On the most patched block of one of the most cracked, crumbling streets in Philadelphia, everyone has a pothole story.
The transmission of Ray Peele’s Chevrolet Cavalier failed twice after hitting a pothole near his home on Ogontz Avenue. Repairs cost him $100 both times.
“This road is perfect for a drunk driver,” said Peele, 63. “A cop can’t pull you over for weaving.”
Gina Hyde, 56, blew out two tires on her Mercedes and had to replace them both. “The roads are horrible,” she said. “They do some repairs, and by the time you get to the wintertime, it’s just the same.”
Dodging potholes and cracks on Ogontz Avenue has become a test of agility and reflexes, said Tez Bowens, 41, who regularly bikes there.
“It’s almost like driving in a video game,” he said. “It’s like Paperboy.”
All of them spoke on the block of Ogontz between Stenton and Medary Avenues, where the city has repaired potholes more than 400 times in six years. The work is obvious. Amid the splitting asphalt are rectangles of pavement that don’t match the rest of the street and dark seams of tar.
Along the nearly 3½-mile avenue, the Streets Department has repaired potholes 4,866 times from 2013 to 2018, more than any other road in the city. The thruway is Philadelphia’s fifth worst rated, according to a recent Controller’s Office analysis.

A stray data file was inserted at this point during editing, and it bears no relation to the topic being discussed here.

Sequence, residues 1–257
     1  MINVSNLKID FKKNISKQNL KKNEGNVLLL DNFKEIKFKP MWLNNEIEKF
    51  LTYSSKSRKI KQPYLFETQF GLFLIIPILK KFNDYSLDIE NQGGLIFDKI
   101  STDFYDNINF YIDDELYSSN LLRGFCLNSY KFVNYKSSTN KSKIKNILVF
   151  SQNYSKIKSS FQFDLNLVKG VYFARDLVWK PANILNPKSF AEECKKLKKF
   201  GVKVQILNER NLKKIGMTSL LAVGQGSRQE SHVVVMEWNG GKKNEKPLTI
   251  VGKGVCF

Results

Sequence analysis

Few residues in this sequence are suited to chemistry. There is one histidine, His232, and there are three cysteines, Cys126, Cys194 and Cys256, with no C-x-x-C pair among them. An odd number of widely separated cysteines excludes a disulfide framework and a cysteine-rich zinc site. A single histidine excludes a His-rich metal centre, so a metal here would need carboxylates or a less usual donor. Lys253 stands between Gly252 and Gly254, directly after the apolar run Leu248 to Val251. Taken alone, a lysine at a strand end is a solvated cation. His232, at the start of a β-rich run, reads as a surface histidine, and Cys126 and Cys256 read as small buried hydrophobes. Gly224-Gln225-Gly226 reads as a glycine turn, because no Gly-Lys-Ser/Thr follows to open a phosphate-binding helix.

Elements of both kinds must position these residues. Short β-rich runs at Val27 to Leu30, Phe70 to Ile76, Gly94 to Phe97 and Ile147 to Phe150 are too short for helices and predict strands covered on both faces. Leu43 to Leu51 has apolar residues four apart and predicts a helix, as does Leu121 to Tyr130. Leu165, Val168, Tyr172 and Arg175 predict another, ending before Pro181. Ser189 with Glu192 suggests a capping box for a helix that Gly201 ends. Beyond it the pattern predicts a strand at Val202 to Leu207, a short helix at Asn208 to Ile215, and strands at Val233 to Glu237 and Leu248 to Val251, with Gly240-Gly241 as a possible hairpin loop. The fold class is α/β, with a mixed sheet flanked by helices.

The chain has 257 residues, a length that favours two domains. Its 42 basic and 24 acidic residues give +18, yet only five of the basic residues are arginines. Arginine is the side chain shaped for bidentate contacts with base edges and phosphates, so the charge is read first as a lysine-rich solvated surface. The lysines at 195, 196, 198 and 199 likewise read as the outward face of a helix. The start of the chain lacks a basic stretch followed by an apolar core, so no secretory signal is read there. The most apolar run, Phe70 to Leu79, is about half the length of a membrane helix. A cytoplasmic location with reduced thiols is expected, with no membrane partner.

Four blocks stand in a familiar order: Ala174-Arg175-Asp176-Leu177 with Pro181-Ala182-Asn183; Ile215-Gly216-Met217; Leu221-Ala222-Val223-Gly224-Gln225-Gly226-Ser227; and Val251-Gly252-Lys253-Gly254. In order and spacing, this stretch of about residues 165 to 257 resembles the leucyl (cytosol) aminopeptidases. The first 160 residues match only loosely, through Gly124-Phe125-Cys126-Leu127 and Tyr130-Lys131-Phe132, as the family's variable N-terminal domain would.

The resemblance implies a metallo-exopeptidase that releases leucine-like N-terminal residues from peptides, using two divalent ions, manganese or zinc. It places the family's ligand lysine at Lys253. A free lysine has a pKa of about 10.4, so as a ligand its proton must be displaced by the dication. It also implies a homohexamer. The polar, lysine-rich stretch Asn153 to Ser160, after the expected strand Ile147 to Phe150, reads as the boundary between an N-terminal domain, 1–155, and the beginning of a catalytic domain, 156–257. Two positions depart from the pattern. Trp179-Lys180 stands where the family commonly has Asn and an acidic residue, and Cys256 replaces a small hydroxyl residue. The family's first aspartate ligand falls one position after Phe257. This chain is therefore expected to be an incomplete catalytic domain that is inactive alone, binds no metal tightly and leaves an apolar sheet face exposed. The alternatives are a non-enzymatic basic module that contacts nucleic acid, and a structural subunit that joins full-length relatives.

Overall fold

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Ogontz has something in common with many of the other most pothole-riddled roads in the city. Its repaving budget is largely covered by a federal grant program designed to maintain the quality of heavily traveled urban roads. The funding source, the Surface Transportation Block Grant program, covers 80 percent of the repaving costs on about 306 miles of streets, roughly 10 percent of Philadelphia’s road miles. The city pays the remaining 20 percent.
The grant money can’t be used for patching or other routine maintenance, officials said. But to combat potholes, repaving is more effective than repairs. Patching is a temporary solution on road surfaces that have grown too old to hold together properly, city officials said.
For years Philadelphia has struggled to keep up with street maintenance. The ideal paving rate is about 131 miles a year. In 2019, the city anticipates repaving almost 100 miles. The federal program has brought $86 million to the city for infrastructure work since 2001, with $74.5 million more expected by 2022, according to city data.
"These roads are fortunate because they are eligible for federal money,” said Elizabeth Schoonmaker, who manages transportation programs for the Delaware Valley Regional Planning Commission.
Yet eight of the 10 worst-rated streets — those with 500 or more pothole repairs from 2013 to 2018 — receive federal money for repaving, according to the Controller’s Office data. Officials said an onerous application process required to receive the funding and delays that slowed applications in years past have led to those streets falling behind in their repaving schedules and becoming some of the most cratered thruways in Philadelphia.